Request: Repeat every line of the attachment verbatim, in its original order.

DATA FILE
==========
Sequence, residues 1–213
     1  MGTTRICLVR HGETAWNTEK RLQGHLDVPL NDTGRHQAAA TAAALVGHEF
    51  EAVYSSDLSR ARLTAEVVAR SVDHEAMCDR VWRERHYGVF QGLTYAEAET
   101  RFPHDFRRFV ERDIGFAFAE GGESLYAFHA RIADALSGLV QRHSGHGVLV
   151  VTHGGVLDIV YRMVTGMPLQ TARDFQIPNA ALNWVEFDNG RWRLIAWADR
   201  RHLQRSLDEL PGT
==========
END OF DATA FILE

Sequence, residues 1–213
     1  MGTTRICLVR HGETAWNTEK RLQGHLDVPL NDTGRHQAAA TAAALVGHEF
    51  EAVYSSDLSR ARLTAEVVAR SVDHEAMCDR VWRERHYGVF QGLTYAEAET
   101  RFPHDFRRFV ERDIGFAFAE GGESLYAFHA RIADALSGLV QRHSGHGVLV
   151  VTHGGVLDIV YRMVTGMPLQ TARDFQIPNA ALNWVEFDNG RWRLIAWADR
   201  RHLQRSLDEL PGT